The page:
The parenting list I never expected to find myself on.

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 “Is there a clean school shirt?”

“Is there any fresh bread for sandwiches?”

“Is it Library Day today?”

All questions yelled out in my house this morning. And answered by the person who, despite there being two working parents in this home, almost always ends up responsible for remembering if it’s gym class, and whether we’ve signed that permission slip for the end-of-term walkathon.

The parent who’s been checking in with the teacher about Matilda’s reading level, the one who knows the names of all the kids in the class, the one who will take her to that afternoon birthday party next Tuesday, and the one who will know what’s for dinner tonight.

There’s one of those in every house.

And, in my house, it’s not me.

Listen to Holly telling Andrew Daddo her big parenting fail for the week. (Post continues after audio.)

Statistically, that makes me a freak. If there’s such a thing as a “Lead Parent” – a term coined by commentator Anne-Marie Slaughter to define who makes the parenting decisions and manages domestic logistics – then more than 70 per cent of them are women.

Anecdotally, it makes me a freak, too. This week, on email, I received a message from the ‘Class Parent’ of my oldest child’s form. It was a contact list for all the carers of the kids in the class. It’s passed around so we can contact each other should our kids become friends, if we’re trying to organise some sort of get-together, in case of head-lice emergency, etc.

The list is divided into column CARER NUMBER ONE and column CARER NUMBER TWO.

What’s the difference? Here’s a clue: There are 22 kids in my daughter’s class. The Carer Number One column contains all female names, bar two. Carer Number Two column contains all male names, bar four.

It’s official. I am on the Carer Number Two list. I am Parent Number Two. I am the Non-Lead Parent.

Annabel Crabb: "Women need wives and men need lives." I'm with you, Annabel. I'm with you.

How did I get there, on that list with all the men? I got there because Brent, my partner, filled out the forms. Which is the very telling definition of carer status - Carer Number One always fills out the forms.

This, people, is a tiny triumph. A step in the right direction. We need to shake those lists up, we need them to be a jumble of genders, we need to throw off the deeply old-fashioned idea of "mother knows best" and all its restrictive connotations. I am Carer Number Two, and proud. Women need wives, and men need lives, as the incomparable Annabel Crabb would say. Hells, yes.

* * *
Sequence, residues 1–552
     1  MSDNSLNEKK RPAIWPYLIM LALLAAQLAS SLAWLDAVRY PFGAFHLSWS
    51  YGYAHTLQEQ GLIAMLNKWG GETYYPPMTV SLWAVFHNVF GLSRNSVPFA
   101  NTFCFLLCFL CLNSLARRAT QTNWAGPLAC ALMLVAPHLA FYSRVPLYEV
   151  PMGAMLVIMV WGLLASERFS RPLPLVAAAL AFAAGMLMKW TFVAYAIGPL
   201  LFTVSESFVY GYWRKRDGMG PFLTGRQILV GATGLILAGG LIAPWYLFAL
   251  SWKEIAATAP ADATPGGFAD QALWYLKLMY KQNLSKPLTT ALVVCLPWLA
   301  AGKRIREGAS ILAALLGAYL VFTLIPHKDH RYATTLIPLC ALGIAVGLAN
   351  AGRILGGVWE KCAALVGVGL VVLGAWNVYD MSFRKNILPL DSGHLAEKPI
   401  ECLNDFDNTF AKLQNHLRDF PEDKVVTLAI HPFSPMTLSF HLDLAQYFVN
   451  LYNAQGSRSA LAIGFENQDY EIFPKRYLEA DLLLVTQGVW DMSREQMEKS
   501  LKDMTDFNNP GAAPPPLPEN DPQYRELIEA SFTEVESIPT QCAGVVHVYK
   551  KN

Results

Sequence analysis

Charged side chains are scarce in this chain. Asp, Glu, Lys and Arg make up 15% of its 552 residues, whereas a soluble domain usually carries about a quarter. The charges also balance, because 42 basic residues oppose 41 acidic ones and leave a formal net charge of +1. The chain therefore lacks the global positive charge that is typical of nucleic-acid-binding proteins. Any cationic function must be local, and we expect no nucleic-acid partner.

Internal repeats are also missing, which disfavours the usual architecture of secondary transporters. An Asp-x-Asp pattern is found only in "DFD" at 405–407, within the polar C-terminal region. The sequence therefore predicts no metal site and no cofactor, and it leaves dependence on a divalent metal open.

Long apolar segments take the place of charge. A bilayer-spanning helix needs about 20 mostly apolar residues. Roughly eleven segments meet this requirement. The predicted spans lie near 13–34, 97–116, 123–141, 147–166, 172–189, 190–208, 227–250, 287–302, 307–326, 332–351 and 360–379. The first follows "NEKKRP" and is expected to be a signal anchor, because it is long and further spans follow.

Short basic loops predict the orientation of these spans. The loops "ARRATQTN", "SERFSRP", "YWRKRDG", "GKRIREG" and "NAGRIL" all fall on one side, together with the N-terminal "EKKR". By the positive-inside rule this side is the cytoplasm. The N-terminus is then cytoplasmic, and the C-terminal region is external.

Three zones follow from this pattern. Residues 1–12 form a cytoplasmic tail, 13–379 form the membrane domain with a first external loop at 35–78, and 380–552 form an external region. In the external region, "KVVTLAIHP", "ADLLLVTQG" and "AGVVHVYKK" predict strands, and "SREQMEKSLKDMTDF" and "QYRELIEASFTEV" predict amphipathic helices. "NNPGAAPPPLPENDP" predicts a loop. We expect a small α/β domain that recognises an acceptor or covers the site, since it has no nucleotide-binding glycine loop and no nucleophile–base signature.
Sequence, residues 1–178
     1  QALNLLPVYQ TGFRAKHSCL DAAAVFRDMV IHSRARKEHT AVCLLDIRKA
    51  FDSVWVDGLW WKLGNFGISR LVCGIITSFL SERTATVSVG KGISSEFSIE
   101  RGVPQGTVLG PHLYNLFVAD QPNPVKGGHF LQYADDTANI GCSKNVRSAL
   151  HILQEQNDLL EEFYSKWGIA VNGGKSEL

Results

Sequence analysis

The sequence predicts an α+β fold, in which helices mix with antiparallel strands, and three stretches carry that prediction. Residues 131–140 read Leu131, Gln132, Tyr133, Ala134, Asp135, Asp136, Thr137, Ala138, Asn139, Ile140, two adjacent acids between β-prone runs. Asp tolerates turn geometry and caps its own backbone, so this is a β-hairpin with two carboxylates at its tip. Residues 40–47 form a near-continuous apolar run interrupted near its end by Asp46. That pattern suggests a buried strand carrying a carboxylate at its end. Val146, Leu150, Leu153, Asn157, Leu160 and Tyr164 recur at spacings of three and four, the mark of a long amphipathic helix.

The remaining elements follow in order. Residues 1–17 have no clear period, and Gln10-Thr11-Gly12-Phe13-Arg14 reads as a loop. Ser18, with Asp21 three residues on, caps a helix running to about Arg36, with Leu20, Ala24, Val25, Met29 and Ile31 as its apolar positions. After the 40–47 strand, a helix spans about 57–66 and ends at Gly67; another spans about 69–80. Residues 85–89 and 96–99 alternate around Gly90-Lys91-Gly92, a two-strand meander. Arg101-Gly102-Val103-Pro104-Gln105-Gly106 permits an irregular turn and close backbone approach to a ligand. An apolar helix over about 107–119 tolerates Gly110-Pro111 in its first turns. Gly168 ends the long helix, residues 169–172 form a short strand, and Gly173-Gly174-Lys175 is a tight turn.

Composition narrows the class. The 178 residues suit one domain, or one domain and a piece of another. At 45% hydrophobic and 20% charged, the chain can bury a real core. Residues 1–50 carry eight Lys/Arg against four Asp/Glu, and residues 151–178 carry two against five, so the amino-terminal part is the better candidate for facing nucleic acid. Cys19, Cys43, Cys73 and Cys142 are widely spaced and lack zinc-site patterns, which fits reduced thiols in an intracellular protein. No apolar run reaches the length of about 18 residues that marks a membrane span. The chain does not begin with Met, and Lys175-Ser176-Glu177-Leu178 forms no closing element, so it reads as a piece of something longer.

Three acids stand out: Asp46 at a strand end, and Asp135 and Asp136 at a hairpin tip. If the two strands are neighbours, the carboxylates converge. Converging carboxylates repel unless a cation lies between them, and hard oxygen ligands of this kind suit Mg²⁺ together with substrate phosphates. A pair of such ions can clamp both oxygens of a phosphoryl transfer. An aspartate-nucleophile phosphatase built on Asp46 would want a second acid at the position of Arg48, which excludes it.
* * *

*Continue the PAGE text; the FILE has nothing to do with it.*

So why then, when I looked at that list, scarfing coffee at my work desk early in the morning, did I feel a little 'thump' in my stomach. The tight ping of a tiny knot of panic?


Is it because sometimes, when I sit with a group of mums in mum-territory (like, the playground), I feel like the fish at a frog party? I kind of fit in, because we all live in the pond, but I can't truly join in, because I don't eat flies and I can't leap a lily pad.

I kind of fit in, because I have two gorgeous little children whom I love madly, but I can't truly join in, because I don't have mini-boxes of sultanas in my handbag and I can't talk knowledgeably about the pros and cons of junior karate vs soccer joeys.

I'm not in the trenches of the P&C. I don't make dinner with my kids every night. I can't remember when the last time Billy went to the dentist or which one of the local kid posse can't eat nuts and won't wear pink.

That's my Brent, far left. JKS. Image: House Husbands/Nine Network.

Is that why the Carer Number Two feels like an awkward hat to wear? Because it's different, and it's always a bit uncomfortable being different?

Or maybe it's deeper than that? Is "Mother Knows Best" so engrained that to admit that you don't makes you feel like you're failing at the job universally acknowledged as the Most Important in the World?

For eons, men have been running away from the Most Important Job In The World, perhaps because they sense that's just a title given to a position that really, is undervalued by society, unpaid and entirely relentless.

The very definition of a good mother in popular culture is someone who will put their needs last. Who will eat the burnt chop, who will get up at 4am to drive the kids to swimming but never dip in the pool, who will do anything for her children but nothing for herself. The cruelest insult you can sling at a mother in tabloid speak is to call her selfish.


Kids. Excellent photographic props. Image: supplied.

The modern martyr mum is Breadwinner Number Two AND Carer Number One. She does everything, and almost kills herself trying. Anxiety chases her through her whirlwind of endless activity, nipping at her worn heels.

So isn't it preferable to say no, I can't do my job and still also be a domestic goddess, so stop trying to trick me into trying. I'll just be over here being Carer Number Two, okay?

I don't know why I was so shocked to see my name on that list. I don't know why I care. I don't know why I don't feel more proud that my partner, Carer Number One, seems to harbour no such qualms about being a unicorn on a list of horses.

Maybe it's because men, whatever list they're on, will assume that it's their god-given right to be there. And women will still squirm a little in the seat, wondering if they got the right invite.

It's time to own it.

Hello. I'm Holly, and I'm Carer Number Two. Come and join me. There's lots of room for the ladies over here.

Who's the 'Lead Parent' in your house? 

You can follow Holly on Facebook, here. And you can listen to the full episode of This Glorious Mess, co-hosted by the excellent Andrew Daddo, here: 

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